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Int J Cancer. 2008 May 15;122(10):2286-93. doi: 10.1002/ijc.23392.

CCL17 and CCL22 chemokines within tumor microenvironment are related to accumulation of Foxp3+ regulatory T cells in gastric cancer.

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1
First Department of Surgery, University of Yamanashi, 1110 Shimokato, Chuo-city, Yamanashi, Japan.

Abstract

It has been reported that an increased population of regulatory T cells (Tregs) is one of the reasons for impaired anti-tumor immunity. Recently, Foxp3 has been reported as a reliable marker of Tregs. The authors investigated the frequency of Foxp3(+) Tregs within CD4(+) cells in TILs, regional lymph nodes and PBLs of gastric cancer patients (n = 45). Furthermore, to elucidate the mechanisms behind Treg accumulation within tumors, they evaluated the relationship between CCL17 or CCL22 expression and the frequency of Foxp3(+) Tregs in gastric cancer. CD4(+)CD25(+)Foxp3(+) Tregs as a percentage of CD4(+) cells were counted by flow cytometry and evaluated by immunohistochemistry. Moreover, an in vitro migration assay using Tregs derived from gastric cancers was performed in the presence of CCL17 or CCL22. As a result, the frequency of Foxp3(+) Tregs in TILs was significantly higher than that in normal gastric mucosa (12.4% +/- 7.5% vs. 4.1% +/- 5.3%, p < 0.01). Importantly, the increase in Tregs in TILs occurred to the same extent in early and advanced disease. Furthermore, the frequency of CCL17(+) or CCL22(+) cells among CD14(+) cells within tumors was significantly higher than that of normal gastric mucosa, and there was a significant correlation between the frequency of CCL17(+) or CCL22(+) cells and Foxp3(+) Tregs in TILs. In addition, the in vitro migration assay indicated that Tregs were significantly induced to migrate by CCL17 or CCL22. In conclusion, CCL17 and CCL22 within the tumor are related to the increased population of Foxp3(+) Tregs, with such an observation occurring in early gastric cancer.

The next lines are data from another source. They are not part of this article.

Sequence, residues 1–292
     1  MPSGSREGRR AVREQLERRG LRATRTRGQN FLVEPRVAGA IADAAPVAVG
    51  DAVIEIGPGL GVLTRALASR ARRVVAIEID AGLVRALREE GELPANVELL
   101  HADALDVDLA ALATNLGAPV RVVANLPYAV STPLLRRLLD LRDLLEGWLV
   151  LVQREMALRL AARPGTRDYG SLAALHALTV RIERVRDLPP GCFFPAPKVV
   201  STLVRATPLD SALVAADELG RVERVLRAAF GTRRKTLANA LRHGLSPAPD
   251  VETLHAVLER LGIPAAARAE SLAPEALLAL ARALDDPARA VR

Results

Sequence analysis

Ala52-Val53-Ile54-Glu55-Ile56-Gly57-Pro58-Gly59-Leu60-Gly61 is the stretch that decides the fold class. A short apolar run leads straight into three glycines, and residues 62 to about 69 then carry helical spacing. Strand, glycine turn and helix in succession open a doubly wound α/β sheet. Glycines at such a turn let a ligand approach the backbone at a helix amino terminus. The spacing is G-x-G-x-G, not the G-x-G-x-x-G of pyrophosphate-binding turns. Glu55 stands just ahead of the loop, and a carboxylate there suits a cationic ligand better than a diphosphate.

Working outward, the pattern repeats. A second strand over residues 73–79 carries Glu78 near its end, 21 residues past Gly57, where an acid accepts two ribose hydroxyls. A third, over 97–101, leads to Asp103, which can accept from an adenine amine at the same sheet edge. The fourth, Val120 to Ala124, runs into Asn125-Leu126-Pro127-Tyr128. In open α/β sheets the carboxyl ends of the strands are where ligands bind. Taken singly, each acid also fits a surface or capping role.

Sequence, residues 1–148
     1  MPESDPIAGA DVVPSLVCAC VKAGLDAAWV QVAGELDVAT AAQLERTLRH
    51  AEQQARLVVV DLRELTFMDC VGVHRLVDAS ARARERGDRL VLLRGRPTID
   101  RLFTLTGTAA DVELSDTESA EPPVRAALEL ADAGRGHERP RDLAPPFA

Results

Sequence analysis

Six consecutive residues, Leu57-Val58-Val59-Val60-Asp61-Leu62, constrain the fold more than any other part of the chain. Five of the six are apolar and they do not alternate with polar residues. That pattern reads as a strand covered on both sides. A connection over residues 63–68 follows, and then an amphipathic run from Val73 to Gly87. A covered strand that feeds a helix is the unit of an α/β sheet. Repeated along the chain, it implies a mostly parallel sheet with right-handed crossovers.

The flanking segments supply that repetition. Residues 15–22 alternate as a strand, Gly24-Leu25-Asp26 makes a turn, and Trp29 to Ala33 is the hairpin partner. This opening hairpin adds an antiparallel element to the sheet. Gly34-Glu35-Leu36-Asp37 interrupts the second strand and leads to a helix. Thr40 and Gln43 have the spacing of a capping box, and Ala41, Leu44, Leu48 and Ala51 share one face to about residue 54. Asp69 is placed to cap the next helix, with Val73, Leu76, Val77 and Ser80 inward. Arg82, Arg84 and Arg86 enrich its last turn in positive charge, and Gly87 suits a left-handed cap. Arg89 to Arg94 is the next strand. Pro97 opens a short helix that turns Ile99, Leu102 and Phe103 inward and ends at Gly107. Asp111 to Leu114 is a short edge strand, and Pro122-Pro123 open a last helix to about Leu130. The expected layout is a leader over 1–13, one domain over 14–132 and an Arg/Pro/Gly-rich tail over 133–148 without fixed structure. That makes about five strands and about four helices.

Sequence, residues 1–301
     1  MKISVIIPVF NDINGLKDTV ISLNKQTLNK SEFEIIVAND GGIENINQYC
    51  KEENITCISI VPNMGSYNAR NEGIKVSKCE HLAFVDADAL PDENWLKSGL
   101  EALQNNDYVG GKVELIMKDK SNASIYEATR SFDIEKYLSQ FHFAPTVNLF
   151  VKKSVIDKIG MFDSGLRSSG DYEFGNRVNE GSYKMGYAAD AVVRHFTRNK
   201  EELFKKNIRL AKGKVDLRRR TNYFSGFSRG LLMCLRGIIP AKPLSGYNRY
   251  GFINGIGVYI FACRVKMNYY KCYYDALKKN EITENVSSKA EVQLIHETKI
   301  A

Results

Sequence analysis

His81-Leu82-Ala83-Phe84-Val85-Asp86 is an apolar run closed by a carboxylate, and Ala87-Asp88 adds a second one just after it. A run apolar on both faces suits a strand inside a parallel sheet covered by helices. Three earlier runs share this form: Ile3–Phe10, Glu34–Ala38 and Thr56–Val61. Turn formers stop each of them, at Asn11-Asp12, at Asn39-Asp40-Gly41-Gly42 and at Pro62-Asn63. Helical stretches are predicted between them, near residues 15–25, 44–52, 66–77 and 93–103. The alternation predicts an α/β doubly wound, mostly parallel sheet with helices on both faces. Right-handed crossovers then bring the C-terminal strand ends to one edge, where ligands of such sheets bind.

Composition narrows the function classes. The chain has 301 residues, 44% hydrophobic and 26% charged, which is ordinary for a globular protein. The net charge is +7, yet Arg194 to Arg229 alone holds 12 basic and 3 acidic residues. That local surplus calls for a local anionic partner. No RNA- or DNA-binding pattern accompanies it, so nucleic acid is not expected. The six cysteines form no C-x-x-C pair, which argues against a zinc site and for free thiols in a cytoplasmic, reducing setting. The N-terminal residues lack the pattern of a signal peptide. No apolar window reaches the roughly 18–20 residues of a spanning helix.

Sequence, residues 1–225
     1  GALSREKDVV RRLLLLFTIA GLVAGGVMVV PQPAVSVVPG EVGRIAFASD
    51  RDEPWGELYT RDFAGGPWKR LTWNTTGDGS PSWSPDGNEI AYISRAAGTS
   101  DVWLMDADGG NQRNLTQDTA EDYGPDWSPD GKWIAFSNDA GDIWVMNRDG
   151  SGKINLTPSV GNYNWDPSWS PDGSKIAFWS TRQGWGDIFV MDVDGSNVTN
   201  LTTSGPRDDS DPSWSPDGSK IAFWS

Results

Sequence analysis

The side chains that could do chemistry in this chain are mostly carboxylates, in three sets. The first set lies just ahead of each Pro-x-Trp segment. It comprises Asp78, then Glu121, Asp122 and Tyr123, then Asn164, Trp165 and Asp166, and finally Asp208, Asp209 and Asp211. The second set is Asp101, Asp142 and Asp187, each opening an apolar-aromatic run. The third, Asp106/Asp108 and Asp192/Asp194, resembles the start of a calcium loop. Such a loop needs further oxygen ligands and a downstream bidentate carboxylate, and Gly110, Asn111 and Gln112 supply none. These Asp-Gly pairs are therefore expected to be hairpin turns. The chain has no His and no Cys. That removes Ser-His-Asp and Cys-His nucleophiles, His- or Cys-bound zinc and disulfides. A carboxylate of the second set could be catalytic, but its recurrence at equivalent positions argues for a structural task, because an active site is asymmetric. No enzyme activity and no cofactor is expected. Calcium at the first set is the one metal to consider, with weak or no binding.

PMID:
18224687
DOI:
10.1002/ijc.23392
[Indexed for MEDLINE]
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